Electrophysiological correlates of feature analysis during visual search

Authors

  • STEVEN J. LUCK,

    1. Department of Neurosciences. University of California-San Diego, La Jolla
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    • Address reprint requests to: Steven J. Luck, Department of Neurosciences, 0608, University of California-San Diego, 9500 Gilman Drive, La Jolla, CA 92093–0608.

  • STEVEN A. HILLYARD

    1. Department of Neurosciences. University of California-San Diego, La Jolla
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  • This study was supported by ONR Contract N00014–89-J-1806, by grants from NIMH (MH-25594), NINCDS (NS 17778), and the Human Frontier Science Program, and by graduate fellowships from the National Science Foundation and the San Diego McDonnell-Pew Center for Cognitive Neuroscience.

  • We are grateful to Marty Woldorff, Ron Mangun, and Hajo Heinze for helpful discussions of this research and to Jon Hansen and Paul Krewski for excellent technical assistance. This study was included in the doctoral dissertation of the first author.

Abstract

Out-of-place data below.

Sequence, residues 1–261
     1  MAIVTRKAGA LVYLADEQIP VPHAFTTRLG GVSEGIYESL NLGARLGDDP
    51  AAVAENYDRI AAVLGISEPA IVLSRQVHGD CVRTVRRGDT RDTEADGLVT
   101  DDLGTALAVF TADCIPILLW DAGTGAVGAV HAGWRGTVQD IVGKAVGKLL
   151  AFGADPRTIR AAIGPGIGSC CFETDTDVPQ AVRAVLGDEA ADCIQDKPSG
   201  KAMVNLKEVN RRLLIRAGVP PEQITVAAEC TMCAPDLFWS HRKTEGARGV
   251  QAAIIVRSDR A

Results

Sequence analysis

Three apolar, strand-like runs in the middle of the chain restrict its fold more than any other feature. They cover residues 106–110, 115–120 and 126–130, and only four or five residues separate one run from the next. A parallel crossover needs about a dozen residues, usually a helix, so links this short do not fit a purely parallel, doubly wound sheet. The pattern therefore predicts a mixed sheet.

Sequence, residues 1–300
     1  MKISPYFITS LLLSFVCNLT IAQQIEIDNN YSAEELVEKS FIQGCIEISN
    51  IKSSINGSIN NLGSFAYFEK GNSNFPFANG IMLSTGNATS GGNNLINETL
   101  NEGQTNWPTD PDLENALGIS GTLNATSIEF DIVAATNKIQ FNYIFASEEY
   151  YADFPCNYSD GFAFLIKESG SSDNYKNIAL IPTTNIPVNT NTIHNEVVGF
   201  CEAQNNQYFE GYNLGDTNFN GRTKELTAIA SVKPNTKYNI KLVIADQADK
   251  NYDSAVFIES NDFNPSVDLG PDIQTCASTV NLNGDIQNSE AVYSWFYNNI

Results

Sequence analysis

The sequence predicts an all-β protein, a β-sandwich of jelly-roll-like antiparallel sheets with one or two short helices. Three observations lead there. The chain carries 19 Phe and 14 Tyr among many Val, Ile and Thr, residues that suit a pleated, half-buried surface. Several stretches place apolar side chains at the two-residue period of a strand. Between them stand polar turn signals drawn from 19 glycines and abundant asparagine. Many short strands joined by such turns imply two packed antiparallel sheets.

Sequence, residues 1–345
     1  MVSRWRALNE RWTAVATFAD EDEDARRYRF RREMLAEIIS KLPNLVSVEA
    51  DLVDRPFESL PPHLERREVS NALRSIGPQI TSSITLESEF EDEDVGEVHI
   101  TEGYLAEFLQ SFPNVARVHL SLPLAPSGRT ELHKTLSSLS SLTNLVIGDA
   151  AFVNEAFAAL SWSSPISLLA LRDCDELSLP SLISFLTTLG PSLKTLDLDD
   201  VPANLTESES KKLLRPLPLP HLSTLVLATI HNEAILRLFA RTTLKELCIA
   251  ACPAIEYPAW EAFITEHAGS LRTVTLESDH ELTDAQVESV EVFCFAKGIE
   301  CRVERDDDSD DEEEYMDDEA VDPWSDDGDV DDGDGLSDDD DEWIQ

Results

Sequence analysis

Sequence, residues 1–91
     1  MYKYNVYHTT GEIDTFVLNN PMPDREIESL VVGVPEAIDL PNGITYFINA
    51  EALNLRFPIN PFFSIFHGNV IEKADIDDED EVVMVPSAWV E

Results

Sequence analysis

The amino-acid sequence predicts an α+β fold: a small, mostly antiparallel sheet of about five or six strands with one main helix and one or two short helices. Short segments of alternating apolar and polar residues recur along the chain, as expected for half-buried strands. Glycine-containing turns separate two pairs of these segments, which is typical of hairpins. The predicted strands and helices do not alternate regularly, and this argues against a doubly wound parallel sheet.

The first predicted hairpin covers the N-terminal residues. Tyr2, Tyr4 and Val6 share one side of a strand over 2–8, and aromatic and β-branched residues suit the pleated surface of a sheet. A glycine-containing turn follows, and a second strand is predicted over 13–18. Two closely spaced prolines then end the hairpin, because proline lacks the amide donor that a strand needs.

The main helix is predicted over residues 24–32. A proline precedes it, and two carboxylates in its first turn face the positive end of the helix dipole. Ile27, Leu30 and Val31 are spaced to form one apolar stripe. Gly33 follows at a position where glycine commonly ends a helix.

Event-related brain potentials (ERPs) were recorded from normal young adults during visual search tasks in which the stimulus arrays contained either eight identical items (homogeneous arrays) or seven identical items and one deviant item (pop-out arrays). Four experiments were conducted in which different classes of stimulus arrays were designated targets and the remaining stimulus arrays were designated nontargets. In Experiments 1 and 2, both target and nontarget pop-out stimuli elicited an enhanced anterior N2 wave and a contralaterally larger posterior P1 wave, but Experiments 3 and 4 demonstrated that these components do not reflect fully automatic pop-out detection processes. In all four experiments, target pop-outs elicited enlarged anterior P2, posterior N2, occipital P3, and parietal P3 waves. The target-elicited posterior N2 wave contained a contralateral subcomponent (N2pc) that exhibited a focus over occipital cortex in maps of current source density. The overall pattern of results was consistent with guided search models in which preattentive stimulus information is used to guide attention to task-relevant stimuli.

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